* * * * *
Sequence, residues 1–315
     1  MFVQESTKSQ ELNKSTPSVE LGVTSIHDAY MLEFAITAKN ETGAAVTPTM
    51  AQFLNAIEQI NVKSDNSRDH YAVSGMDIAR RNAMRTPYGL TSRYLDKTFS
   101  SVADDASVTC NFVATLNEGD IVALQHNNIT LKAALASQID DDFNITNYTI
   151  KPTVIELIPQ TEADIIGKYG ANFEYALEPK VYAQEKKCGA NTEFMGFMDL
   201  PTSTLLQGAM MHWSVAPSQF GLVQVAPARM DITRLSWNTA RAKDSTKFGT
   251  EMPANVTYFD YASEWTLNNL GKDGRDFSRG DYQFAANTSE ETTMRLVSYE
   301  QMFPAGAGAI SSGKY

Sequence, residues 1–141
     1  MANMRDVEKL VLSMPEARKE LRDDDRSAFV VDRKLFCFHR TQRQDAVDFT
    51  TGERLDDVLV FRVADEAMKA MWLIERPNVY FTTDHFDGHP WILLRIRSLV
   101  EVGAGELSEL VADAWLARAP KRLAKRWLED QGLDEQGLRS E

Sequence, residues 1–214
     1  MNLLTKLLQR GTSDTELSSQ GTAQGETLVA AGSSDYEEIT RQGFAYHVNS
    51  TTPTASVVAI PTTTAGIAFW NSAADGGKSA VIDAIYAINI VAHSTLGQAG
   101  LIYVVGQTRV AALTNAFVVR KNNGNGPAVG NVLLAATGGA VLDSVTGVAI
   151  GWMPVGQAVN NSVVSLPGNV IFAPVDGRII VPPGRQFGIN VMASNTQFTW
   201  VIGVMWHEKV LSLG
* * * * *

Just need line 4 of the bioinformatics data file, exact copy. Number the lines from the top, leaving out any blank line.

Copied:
   101  SVADDASVTC NFVATLNEGD IVALQHNNIT LKAALASQID DDFNITNYTI